The team's breakthrough was published in the scientific journal Science Advances on 4 August 2021.
What are RNA modifications?
While most people are familiar with DNA, RNA plays just as much of a vital role in the human body's cellular functions. Unlike DNA, which has the double-helix structure that most people are familiar with, RNA is a family of single-stranded molecules that perform various essential biological roles.
For example, messenger RNA (mRNA) conveys genetic information that directs the production of different proteins. Imagine DNA as an expansive library filled with books that carry instructions on how to make different proteins. Each letter in the sequences of words that make up the books' contents are called nucleotides, which are small molecules that are used to store genetic information. To make sure these instructions are followed, mRNA makes copies of the books and carries them from a cell's nucleus, where DNA is stored, to the ribosomes. These ribosomes are the "factories" where proteins are synthesised. Without RNA, the valuable genetic instructions stored in our cells would never be used.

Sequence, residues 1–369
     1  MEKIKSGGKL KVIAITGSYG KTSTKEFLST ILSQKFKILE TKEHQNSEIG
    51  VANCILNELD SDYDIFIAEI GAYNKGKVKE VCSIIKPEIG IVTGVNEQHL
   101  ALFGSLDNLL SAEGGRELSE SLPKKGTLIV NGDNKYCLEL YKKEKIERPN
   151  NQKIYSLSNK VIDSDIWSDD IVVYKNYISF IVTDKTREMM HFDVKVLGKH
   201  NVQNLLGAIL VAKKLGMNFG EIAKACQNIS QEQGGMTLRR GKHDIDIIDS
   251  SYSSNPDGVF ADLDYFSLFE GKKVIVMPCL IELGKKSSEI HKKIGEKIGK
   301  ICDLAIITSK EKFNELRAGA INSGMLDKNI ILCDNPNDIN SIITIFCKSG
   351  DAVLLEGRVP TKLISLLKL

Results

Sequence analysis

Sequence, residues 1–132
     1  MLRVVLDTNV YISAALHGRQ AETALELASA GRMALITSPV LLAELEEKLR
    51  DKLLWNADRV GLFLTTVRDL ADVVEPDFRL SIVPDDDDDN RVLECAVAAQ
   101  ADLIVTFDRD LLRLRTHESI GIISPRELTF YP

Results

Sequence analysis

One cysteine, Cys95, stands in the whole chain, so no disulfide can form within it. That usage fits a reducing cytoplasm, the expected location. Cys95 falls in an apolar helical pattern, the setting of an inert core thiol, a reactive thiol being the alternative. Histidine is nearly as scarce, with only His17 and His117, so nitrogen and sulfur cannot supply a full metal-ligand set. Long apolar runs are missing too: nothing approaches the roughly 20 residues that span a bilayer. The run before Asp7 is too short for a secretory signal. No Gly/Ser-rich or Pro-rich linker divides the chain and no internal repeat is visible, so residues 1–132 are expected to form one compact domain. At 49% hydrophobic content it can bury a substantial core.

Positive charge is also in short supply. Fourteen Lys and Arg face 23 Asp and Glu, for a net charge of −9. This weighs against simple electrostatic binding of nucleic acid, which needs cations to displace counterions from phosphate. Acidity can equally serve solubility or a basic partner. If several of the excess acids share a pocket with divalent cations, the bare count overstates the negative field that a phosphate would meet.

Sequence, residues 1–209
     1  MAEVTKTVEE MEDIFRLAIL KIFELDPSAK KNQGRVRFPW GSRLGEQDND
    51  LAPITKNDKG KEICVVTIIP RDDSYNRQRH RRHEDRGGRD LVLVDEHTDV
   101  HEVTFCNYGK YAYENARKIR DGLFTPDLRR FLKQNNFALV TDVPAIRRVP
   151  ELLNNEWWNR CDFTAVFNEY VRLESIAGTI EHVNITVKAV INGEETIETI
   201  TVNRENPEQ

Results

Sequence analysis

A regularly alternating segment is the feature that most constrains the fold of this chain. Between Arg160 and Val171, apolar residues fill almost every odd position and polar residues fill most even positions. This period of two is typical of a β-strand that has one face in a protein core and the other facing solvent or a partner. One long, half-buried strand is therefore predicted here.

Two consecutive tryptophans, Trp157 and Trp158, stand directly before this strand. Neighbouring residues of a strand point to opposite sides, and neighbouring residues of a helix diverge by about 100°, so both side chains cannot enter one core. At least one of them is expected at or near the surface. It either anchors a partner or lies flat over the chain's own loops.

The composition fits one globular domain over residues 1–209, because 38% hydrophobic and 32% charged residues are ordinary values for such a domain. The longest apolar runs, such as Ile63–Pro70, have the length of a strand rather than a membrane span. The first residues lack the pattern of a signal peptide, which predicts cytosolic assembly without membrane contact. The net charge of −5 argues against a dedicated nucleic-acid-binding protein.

Additional types of RNA perform other important functions. Some help catalyse biochemical reactions, just like enzymes, while others regulate gene expression.